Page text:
Faith Promise - What's Next - Day 10

Acts 9:1-19; Acts 22:6-16

The conversion of Saul is unique from the other conversion stories we have looked at during this Reading Plan.  The main difference is that up until this point the examples that we have looked at largely fall into the category of people who knew they were sinners and found grace and acceptance in Jesus.  But Saul was different in that he believed wholeheartedly that he was doing exactly what God wanted him to do!  He believed himself to be aligned with Jewish heroes like Phinehas, whose story is found in Numbers 25.  Phinehas put to death those who were tempting others into sin and idolatry and his actions were celebrated by God as just and appropriately zealous.  So God’s grace to Saul is unique in that God is pursuing someone who doesn’t believe they need to be pursued.  He is saving someone who doesn’t believe he needs to be saved from anything!

Yet when Jesus confronted Saul, Saul came to realize that Jesus of Nazareth, whose followers he had been persecuting, was alive and exalted.  He has believed that the death of Jesus invalidated his claim to be the Messiah.  The resurrection proved that Jesus was the Messiah and humanity’s Lord.  The truly beautiful thing about this interaction with Saul is that Jesus did not knock Saul off of his horse just to get him to stop persecuting the church, but also to invite him to become a part of it!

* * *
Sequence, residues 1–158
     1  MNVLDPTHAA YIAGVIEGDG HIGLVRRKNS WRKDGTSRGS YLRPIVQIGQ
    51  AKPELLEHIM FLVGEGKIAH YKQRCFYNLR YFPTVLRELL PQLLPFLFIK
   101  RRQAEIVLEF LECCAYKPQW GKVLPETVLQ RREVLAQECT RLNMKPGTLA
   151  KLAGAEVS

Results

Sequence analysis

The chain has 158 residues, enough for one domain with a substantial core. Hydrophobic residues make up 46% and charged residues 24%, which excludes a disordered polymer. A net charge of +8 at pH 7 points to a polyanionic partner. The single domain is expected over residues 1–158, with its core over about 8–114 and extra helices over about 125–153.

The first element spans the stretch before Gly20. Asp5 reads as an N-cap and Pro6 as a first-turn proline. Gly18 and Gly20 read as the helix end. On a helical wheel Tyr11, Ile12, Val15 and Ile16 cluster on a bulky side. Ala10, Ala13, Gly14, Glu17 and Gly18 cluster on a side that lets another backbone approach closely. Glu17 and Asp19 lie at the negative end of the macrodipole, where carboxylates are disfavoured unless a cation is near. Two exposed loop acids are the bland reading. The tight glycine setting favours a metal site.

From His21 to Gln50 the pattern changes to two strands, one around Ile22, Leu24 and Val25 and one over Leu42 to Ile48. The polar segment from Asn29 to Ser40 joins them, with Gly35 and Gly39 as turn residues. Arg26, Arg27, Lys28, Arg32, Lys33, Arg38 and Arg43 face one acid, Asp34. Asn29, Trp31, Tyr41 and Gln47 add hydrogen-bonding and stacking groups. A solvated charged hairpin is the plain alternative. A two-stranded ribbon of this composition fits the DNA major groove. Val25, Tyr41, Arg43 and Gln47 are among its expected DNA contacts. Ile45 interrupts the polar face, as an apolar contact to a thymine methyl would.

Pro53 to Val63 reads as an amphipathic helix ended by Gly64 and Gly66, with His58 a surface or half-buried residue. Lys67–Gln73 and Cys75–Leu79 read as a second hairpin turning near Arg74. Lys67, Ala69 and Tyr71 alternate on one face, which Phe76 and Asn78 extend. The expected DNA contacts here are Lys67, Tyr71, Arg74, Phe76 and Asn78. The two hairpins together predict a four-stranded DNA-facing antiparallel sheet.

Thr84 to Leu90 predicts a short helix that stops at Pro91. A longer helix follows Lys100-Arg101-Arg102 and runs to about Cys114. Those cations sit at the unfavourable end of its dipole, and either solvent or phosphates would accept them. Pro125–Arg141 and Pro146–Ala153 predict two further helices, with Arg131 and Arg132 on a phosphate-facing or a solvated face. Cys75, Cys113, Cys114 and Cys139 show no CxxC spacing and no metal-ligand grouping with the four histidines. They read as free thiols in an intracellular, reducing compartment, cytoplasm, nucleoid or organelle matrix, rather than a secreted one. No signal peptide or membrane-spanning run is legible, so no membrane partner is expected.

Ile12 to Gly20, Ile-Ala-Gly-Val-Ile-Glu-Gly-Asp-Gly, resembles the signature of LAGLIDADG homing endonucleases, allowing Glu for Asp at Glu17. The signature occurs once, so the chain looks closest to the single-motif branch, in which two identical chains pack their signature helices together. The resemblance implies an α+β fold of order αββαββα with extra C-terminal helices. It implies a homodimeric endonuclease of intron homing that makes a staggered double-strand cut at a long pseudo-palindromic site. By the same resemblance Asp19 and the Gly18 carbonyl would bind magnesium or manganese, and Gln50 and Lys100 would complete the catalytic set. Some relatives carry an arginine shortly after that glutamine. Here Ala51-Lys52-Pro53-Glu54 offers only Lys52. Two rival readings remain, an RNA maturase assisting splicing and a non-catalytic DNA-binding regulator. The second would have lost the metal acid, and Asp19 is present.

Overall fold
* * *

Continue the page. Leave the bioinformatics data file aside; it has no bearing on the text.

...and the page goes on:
Reflection & Prayer

For this reading plan we will be using a tool to guide our study of Scripture that’s called the S.O.A.P. Method.  It stands for Scripture, Observation, Application, and Prayer.  We recommend you use a journal with this method and write out your thoughts on each of these areas for each day of reading.  It doesn’t have to be long-winded and you don’t need a fancy journal.  But for anyone that has not journaled before, the benefit is that it often helps us focus and avoid distractions during prayer and Bible study.

S.O.A.P. Method

Scripture - Pick a verse or two that stood out to you and write it in your journal.  Be looking for a “Holy Spirit Highlight.”  What did you read and think “I needed to hear that” or felt like it was written just for you?

Observation - Now write some observations about the verse(s) or passage. What is this passage or verse saying? About God? About people? How is Jesus revealed in these verses? 

Application - Now write a few sentences on how this passage applies to your life. Is there truth about God that you are to believe? A promise to receive? Is the Holy Spirit convicting you of something you need to do or stop doing in light of God’s truth? 

Prayer - Now write out a prayer to God in response to this Scripture. This is a way to turn God’s Word to you back to Him. Be honest and express your heart to Him. God always listens and He delights in your prayers. (Psalm 34:15; Proverbs 15:8)